Members of the band La Vida Bohème

Members of the band La Vida Bohème are shown here. 


Nacional Records

The headlines out of Venezuela today are all about the political power struggle there and the clashes between security forces and anti-government protesters.

But behind those headlines, other serious problems go unnoticed.

Petty crime is unreported. More violent crimes like murder and kidnapping have become commonplace.

Venezuela is now one of the most dangerous countries on Earth. But the thing is, it's been getting worse and worse for a while.

Just ask the members of the band La Vida Bohème who left Venezuela a few years back. (We actually had them on our program before they were thinking of leaving).

"Our booking agent in Venezuela had just been kidnapped and murdered," says Henry D'Arthenay, the band's lead singer. "Our manager back then had been kidnapped also, like a few months after. It just seemed to be very close to us, the fire."

Guitarist Daniel de Sousa agrees. If they had stayed in Venezuela, it would've been impossible to still be a band. "People stopped going out at night, like 90 percent of the people you didn't see them at night," he says. "So it was very difficult to make a living out of anything that related to music."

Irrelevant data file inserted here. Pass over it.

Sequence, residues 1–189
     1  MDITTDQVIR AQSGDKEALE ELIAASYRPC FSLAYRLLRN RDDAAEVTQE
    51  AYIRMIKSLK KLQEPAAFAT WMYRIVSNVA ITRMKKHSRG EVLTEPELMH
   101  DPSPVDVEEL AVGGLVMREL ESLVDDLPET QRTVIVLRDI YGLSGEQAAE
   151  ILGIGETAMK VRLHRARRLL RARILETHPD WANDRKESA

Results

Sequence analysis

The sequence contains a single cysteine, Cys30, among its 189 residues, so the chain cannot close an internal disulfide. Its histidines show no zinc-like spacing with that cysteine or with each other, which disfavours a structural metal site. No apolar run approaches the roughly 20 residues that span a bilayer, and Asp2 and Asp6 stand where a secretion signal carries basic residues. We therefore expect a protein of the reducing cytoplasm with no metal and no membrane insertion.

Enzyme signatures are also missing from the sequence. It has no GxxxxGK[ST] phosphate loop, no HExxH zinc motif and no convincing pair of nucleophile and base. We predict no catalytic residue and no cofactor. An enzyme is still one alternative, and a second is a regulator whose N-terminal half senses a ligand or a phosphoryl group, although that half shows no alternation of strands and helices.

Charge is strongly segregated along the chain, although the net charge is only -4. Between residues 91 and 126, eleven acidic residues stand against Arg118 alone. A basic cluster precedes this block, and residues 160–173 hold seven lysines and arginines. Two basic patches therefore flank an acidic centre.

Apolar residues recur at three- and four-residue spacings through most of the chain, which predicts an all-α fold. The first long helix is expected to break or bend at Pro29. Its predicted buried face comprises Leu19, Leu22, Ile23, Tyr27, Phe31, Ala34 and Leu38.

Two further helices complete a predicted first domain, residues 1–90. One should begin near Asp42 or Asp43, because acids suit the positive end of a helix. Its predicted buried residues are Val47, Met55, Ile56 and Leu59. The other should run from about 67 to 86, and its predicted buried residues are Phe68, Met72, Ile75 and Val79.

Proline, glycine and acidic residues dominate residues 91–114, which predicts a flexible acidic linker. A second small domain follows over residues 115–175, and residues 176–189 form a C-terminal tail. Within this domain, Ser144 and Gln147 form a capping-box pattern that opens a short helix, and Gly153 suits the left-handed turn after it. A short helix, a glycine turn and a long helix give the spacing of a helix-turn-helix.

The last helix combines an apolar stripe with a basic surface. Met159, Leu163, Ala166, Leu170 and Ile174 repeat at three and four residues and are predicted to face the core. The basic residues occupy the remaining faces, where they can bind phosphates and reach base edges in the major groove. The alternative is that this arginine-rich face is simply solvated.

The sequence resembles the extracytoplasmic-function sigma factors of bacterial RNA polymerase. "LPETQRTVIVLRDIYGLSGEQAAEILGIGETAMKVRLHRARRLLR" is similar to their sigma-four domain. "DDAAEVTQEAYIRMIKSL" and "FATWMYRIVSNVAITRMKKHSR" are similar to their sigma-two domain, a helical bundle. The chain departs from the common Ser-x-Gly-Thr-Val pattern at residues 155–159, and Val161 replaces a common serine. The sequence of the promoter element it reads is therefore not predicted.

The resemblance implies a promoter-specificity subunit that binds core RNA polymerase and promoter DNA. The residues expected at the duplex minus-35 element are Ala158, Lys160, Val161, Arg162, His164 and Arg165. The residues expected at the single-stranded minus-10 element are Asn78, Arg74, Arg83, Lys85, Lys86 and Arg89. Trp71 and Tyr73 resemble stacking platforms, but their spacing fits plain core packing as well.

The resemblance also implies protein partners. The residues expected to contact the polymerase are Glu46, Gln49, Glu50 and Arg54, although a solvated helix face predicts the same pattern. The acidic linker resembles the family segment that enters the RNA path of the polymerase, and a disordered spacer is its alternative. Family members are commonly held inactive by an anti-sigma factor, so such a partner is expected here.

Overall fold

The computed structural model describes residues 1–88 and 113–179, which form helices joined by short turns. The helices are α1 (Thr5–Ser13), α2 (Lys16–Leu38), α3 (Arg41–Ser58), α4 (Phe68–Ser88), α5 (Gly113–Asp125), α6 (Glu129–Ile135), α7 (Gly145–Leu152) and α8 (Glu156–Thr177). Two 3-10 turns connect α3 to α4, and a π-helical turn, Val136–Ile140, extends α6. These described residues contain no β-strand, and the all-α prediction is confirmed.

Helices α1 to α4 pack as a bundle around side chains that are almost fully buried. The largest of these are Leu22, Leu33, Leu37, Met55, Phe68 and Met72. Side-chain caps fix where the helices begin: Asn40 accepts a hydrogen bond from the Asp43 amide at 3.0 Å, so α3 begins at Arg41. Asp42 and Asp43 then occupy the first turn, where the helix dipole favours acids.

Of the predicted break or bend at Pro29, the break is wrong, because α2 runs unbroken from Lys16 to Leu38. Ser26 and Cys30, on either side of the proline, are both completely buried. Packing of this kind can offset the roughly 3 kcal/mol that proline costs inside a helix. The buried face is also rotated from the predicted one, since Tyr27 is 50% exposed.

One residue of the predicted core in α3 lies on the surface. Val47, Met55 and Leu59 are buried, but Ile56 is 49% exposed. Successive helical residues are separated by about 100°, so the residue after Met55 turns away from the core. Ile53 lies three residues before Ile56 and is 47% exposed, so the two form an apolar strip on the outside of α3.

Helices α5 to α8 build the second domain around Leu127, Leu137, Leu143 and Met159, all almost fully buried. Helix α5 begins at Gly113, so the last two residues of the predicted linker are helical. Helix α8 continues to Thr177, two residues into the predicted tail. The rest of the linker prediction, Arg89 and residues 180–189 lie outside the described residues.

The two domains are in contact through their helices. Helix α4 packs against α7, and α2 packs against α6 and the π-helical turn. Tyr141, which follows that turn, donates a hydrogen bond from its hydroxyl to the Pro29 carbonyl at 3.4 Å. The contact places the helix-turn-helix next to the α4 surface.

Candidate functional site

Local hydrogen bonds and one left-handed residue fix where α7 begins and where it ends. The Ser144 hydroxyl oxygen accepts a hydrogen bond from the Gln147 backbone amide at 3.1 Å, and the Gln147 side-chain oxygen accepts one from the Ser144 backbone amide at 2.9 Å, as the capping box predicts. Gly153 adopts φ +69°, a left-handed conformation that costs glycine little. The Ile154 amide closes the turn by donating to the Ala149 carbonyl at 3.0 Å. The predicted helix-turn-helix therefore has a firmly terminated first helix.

This all took place about four years ago. President Hugo Chávez had died, and Nicolás Maduro had just been elected his successor. Violence had already been spiraling out of control, and things were getting worse as the country entered a recession.

D'Arthenay says, "When you're in a situation like that, you can either stay and endure the economic [troubles], the violence, the stress. And even, I think, the hopelessness of seeing that things are not changing. Things escalate...It's been getting worse and worse and worse."

In 2014, La Vida Bohème took off for Mexico City. And that's where they recorded their latest album, "La Lucha," which means "the fight."

And even though there's violence in some parts of Mexico City, too, de Sousa says it was a place to recharge and regroup. "It was like, a way to escape from where we were living and to another place that wasn't that different from where we live in that kind of way. We speak the same language, and the culture is very similar in some way. So, living in Mexico for us has been like less difficult than another place I think."

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